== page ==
(BIVN) – The recurring eruption at the summit of Kilauea Volcano continues, as another pause in lava effusion began Friday morning. Prior to the hiatus, lava was overflowing from the western vent in Halemaʻumaʻu and filling the lava lake that occupies the western portion of the crater.
The current eruption began in September 2021. It is the second eruption to occur at the summit since it collapsed less than four years ago, and appears to be part of the larger geological cycle of the caldera, observed over several decades.
National Park Service video shows the summit at the start of the collapse sequence, in May 2018. The volcanic ash cloud was created by rocks and debris falling into the receding lava lake, two days before the closure from Hawaii Volcanoes National Park for 134 hours. days. As lava flowed from the summit, it erupted miles away on the lower East Rift Zone, inundating several neighborhoods in the Puna district.
Inside the national park, seismic activity from the summit collapse had a significant impact on buildings in the immediate vicinity of Uēkahuna Bluff, including the Jaggar Museum and the USGS Hawaiian Volcano Observatory facilities. The gazebo area has since been closed.
Post-disaster assessments revealed that significant investment would be required to make the overhanging buildings safe to occupy and operational. They are surrounded by fault lines and officials say the area continues to sag on the crater side, compromising the stability of slopes on existing terraces and building foundations.
This week, the National Park Service unveiled its proposal to repair and/or replace critical park infrastructure. We’ll take a closer look at the different components of the stimulus package, but first an overview.
As part of the proposed action, the National Park Service would demolish damaged structures at Uēkahuna Bluff and restore access to the existing overhang area next to the old Jaggar Museum. The museum’s Visitor Center function would be replaced with a new building near the existing Kīlauea Visitor Center at the entrance to the park. The proposal would realign Crater Rim Drive near the park entrance and install a roundabout to improve safety. And, the plan will allow the USGS Hawaiian Volcano Observatory to build a replacement field station adjacent to the ball field near Kilauea Army Camp in the park.
Here is an overview of the changes we will see, starting from the entrance to the park.
The National Park Service provided a video simulation, showing an aerial overview of the project area, as it travels along Crater Rim Drive from Highway 11, past the entrance cabins , to the proposed roundabout.
Park officials say the roundabout is needed due to increased visitation over the past decade, as well as changes in traffic flow from past eruptions that have led to traffic congestion issues.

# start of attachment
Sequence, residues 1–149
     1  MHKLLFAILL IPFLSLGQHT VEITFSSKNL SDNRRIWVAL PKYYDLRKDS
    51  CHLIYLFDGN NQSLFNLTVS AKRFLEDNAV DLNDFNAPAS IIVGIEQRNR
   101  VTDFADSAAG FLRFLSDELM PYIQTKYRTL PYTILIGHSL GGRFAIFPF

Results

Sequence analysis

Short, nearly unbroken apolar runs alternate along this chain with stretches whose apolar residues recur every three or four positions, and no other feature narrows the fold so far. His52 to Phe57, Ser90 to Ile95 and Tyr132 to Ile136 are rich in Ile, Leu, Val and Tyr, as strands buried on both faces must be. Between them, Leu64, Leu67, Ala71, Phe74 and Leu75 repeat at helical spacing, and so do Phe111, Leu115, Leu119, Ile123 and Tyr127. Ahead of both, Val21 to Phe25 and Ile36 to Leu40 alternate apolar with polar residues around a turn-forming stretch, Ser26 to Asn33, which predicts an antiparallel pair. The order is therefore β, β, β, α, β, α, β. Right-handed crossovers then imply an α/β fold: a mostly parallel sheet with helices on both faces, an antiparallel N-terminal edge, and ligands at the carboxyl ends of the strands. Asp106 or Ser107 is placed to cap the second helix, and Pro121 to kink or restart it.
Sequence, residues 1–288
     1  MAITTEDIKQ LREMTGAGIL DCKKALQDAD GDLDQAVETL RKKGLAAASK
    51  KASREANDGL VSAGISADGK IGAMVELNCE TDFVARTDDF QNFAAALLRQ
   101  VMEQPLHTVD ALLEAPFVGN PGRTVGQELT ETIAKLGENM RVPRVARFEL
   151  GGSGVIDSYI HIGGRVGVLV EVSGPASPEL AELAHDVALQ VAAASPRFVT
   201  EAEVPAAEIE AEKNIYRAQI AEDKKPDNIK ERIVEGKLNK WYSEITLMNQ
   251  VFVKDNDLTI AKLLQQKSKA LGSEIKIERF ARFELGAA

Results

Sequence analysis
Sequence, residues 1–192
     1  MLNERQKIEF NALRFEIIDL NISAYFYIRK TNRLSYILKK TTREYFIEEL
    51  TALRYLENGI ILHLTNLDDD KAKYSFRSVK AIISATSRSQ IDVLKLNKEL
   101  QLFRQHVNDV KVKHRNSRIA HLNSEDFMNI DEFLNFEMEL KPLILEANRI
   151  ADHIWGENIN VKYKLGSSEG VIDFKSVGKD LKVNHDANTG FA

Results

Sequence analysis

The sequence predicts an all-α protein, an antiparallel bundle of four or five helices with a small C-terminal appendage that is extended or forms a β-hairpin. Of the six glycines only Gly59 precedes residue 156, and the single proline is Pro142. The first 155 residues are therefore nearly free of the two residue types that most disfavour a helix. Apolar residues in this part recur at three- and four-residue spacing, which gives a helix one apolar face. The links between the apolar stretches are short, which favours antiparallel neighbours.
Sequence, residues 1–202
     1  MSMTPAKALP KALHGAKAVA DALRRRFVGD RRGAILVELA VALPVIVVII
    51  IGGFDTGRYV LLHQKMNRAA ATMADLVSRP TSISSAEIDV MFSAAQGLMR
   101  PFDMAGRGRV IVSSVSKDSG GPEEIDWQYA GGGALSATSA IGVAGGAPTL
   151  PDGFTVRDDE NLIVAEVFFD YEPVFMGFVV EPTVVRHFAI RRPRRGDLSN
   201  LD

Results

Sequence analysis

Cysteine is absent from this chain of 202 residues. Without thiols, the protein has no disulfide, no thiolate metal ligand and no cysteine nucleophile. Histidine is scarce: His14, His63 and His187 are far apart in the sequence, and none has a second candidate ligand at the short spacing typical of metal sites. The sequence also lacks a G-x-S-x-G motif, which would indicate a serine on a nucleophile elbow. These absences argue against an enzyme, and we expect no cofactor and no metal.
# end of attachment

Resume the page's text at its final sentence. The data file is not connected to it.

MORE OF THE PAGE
As we head to the top, we pass the Kilauea Visitor Center, where a new visitor center building will be constructed which officials say will be compatible with the surrounding historic landscape.
Visitor parking will be expanded and the proposal will provide covered outdoor space for wayfinding, exhibits and gathering space. Officials say they will seek to minimize impacts to site resources as much as possible.
Renderings depict the new Visitor Center building, which will replace the lost Jaggar Museum. It will be located next to the existing head office. The existing building currently serves as the park’s headquarters, and part of the building is also used for a bookstore, visitor center, and auditorium. During construction of the new Visitor Center, the existing building would continue to serve as the park’s headquarters.
Beyond the Visitor Center, at Kilauea Army Camp, a new building would house USGS research facilities. Officials say the new building would be nestled among an existing grove of trees, between the military camp and an open grass area, which includes a historic ball diamond that becomes an overflow parking lot during peak traffic.
Finally, we arrive at the Uēkahuna Bluff lookout and the site of the old Jaggar Museum, which will be demolished along with the other damaged facilities.
The National Park Service says it will incorporate a historical reference to the museum, with the building’s footprint delineated on the ground plan with stone salvaged from the building.
Officials plan to retain and repair the overhang wall and expand the overhang area within the Jaggar Museum footprint. Large benches will serve as both seating and overhead viewing opportunities, and will incorporate stones salvaged from the Jaggar Museum. Barriers of poles and cables will delimit the limits of the overhang zone.
The National Park Service invites the public to review project details online, attend a virtual meeting Feb. 24, and submit comments by March 9. A link to the project website is here.